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Student explains sustainability initiative

By Morgan Reeves
Contributuing Writer

Source: Mechanicsburgborough.com Recycling is one step that can help the environment.

Source: Mechanicsburgborough.com
Recycling is one step that can help the environment.

The sustainability program at Georgetown College has undergone some changes over the past few years. While it is still a work-in-progress, GC has taken steps to make recycling more accessible to all members on campus.

The college has acquired a variety of containers around campus in which people can place recyclable materials. Located in the student center, LRC, Rec, academic buildings and student dorms are three types of containers: small flip-top bins, blue cylinder containers and Pepsi bottle-shaped containers. Items that can go in these bins include paper, cardboard, aluminum cans and plastics No. 1 and No. 2. This includes plastic bottles as well as the plastic food containers from the Mulberry. Bottles, cans and food containers should be emptied before placed into the bins.

The second type of recycling containers are red “Herby Curby” type bins which are located behind almost every dorm. These bins are marked with the word “Recycle” and the reduce-reuse-recycle logo. These bins accept all materials that can be placed in the smaller bins around campus as well as glass.
Finally, GC has one recycling collection dumpster located in the back parking lot behind Anderson Hall.

The recycling dumpster is distinguishable from the waste dumpster by the words “GC Recycles” painted on the side. People can use the dumpster to recycle glass, paper, cardboard, aluminum and plastics No. 1 and No. 2. The dumpster also provides a means for recycling larger materials, such as cardboard boxes.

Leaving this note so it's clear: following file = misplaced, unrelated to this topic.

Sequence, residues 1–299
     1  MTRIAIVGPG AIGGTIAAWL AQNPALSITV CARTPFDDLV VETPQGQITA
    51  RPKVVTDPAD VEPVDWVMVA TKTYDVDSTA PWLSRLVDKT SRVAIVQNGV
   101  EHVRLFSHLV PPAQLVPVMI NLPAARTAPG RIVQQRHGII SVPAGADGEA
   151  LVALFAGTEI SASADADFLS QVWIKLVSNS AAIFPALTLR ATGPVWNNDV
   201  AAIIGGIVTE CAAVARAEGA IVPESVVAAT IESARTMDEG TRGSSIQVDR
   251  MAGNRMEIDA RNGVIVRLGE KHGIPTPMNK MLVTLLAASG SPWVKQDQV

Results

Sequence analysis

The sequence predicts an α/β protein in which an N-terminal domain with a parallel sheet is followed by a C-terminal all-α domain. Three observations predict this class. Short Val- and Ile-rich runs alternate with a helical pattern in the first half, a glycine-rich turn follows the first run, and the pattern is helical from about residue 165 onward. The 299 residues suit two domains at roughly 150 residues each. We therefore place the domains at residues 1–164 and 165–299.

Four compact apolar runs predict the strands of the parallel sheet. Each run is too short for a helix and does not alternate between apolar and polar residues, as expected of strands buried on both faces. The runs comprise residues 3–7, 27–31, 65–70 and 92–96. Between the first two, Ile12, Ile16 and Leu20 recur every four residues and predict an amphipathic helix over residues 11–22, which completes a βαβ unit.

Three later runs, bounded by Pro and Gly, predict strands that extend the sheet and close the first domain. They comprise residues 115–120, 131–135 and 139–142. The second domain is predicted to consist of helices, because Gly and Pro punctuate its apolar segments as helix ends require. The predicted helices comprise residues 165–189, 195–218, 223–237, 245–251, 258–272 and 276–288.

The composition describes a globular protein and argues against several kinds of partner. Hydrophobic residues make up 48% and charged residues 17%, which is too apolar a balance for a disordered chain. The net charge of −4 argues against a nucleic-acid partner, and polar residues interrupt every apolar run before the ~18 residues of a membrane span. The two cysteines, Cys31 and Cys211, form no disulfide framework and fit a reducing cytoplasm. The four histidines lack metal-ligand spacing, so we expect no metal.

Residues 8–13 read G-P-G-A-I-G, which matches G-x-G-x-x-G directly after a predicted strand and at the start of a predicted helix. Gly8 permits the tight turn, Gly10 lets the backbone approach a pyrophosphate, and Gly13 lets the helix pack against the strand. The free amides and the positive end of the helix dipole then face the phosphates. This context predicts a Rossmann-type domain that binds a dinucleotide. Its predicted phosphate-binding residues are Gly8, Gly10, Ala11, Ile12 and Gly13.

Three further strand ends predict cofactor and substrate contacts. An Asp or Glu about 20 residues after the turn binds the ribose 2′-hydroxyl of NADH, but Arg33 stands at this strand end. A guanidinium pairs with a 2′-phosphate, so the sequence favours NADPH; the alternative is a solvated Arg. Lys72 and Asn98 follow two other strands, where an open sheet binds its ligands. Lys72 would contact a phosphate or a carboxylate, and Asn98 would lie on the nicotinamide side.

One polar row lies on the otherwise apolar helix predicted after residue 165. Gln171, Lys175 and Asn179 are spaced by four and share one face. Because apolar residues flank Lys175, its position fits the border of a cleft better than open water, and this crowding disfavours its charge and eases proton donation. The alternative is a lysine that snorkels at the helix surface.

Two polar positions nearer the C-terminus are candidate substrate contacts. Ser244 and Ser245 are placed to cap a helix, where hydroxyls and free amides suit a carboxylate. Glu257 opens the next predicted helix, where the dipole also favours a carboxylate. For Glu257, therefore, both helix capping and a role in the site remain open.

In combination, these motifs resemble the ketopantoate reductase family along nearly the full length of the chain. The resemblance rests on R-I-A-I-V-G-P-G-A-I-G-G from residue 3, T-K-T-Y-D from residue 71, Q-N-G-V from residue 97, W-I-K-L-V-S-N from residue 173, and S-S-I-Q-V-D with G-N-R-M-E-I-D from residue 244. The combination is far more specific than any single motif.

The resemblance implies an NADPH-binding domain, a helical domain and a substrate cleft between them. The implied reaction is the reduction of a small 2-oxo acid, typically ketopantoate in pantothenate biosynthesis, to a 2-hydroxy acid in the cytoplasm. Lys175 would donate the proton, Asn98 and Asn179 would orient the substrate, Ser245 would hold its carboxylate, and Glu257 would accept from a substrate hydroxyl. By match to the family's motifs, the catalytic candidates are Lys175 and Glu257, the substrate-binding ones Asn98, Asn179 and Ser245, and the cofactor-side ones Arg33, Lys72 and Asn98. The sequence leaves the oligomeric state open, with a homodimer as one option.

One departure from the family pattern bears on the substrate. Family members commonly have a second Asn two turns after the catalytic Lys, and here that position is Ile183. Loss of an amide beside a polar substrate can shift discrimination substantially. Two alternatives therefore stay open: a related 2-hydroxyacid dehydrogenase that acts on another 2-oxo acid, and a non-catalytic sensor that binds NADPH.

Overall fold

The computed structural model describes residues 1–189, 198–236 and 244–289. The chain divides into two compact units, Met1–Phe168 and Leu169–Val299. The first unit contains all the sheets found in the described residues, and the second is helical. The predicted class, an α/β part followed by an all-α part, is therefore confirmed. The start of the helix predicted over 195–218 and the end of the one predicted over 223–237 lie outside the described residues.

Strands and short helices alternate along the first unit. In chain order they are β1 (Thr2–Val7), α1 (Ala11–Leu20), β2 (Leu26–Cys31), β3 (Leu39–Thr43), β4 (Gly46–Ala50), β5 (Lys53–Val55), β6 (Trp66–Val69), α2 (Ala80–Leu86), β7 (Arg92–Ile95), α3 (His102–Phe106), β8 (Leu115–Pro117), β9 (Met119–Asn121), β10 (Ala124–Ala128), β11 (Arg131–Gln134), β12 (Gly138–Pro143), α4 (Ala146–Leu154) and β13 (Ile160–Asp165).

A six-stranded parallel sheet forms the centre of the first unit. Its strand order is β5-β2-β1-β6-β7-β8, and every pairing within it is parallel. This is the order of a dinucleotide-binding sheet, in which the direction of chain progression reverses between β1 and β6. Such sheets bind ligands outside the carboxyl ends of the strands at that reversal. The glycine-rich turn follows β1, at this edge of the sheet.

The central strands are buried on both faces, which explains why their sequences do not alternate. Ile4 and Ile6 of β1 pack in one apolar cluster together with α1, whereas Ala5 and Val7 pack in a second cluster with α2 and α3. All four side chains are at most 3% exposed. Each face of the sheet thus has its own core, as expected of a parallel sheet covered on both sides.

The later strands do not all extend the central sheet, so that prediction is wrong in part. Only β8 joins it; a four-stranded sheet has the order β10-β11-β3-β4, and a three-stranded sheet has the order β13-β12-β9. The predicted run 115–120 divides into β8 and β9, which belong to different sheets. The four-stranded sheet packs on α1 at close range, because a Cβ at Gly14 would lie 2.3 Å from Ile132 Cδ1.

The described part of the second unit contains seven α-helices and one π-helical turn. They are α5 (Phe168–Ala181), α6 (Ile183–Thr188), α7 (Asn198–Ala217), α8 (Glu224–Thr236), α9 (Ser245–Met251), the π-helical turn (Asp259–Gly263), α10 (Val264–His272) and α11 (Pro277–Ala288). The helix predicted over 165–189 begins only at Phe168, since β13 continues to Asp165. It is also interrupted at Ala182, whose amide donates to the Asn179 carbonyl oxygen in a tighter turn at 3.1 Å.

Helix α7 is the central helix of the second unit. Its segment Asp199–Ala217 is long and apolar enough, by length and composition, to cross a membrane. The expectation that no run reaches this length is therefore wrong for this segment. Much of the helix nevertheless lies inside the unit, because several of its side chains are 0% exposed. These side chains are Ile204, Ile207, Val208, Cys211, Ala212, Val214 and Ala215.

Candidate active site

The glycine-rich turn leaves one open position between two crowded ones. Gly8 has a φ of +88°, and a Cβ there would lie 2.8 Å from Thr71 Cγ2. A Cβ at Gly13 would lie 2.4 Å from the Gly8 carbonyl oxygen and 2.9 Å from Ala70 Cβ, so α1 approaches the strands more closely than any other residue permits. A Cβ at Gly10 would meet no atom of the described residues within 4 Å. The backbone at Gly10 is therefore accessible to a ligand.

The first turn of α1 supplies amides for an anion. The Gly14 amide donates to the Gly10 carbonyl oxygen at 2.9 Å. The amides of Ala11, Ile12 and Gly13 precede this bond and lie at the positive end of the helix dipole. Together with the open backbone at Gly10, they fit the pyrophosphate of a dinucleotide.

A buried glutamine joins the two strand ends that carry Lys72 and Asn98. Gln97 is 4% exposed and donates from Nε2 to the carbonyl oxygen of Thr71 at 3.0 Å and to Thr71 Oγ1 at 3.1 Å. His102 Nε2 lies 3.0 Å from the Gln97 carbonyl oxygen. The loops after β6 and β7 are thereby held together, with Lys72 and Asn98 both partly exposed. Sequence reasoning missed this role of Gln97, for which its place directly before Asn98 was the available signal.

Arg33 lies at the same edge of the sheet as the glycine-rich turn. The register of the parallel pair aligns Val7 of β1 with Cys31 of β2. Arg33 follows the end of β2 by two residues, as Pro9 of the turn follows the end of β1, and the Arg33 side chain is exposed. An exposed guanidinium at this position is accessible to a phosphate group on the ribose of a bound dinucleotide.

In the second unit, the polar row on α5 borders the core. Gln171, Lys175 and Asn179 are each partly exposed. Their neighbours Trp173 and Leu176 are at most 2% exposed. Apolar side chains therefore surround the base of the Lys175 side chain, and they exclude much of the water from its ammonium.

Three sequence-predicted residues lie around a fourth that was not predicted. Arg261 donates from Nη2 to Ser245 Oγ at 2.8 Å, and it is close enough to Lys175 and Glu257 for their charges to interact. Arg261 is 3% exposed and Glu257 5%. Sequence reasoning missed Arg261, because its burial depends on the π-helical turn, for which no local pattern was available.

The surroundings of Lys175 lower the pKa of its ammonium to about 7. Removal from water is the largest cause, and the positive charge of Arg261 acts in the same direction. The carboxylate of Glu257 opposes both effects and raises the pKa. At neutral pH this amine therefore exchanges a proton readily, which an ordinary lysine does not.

Bart Horne, Director of Facilities, explained that recycling also takes place behind the scenes. The Maintenance, Grounds and Building Services departments have their own recycling dumpster that they use to recycle materials from construction and maintenance work, such as compressors in air conditioners, light bulbs, cardboard and wooden pallets. The IT department takes care of recycling e-waste, including old printers, ink cartridges and computer screens.

Mr. Horne said that recycling is just one area related to sustainability that the college has been working to improve. GC is currently collaborating with energy management companies to evaluate the college’s energy use and ways to make it more cost-efficient and environmentally-conscious.

The college had a power-down operation over Christmas break. This included turning off computers and lights and adjusting the heating of buildings not in use over the break. In addition, GC is considering energy efficiency in dorm repairs and reconstructions by using Energy Star products and technology.”

“The biggest thing we can do is awareness. Energy management and recycling both require awareness of the general campus,” Mr. Horne commented. The Georgetown Sustainability Initiative, GC’s environmental action group, is collaborating with the Kentucky Student Environmental Coalition to implement sustainability projects on GC’s campus.

While GC continues to improve the sustainability of the college, the recycling program has come a long way since its beginning stages. If you have a suggestion for where a recycling bin is needed or if a recycling bin needs to be emptied, please call or leave a message for Tina Robinson in Building Services at 863-8116, indicating the location of the bin. If you would like to get involved with Georgetown’s environmental efforts, feel free to come to GSI meetings on Tuesdays at 5 p.m. in Asher 033.

All members of the GC community are encouraged to stop and think twice before throwing something recyclable into a trashcan. As Mr. Horne said, “it’s everybody’s role to be a steward of our land and air.”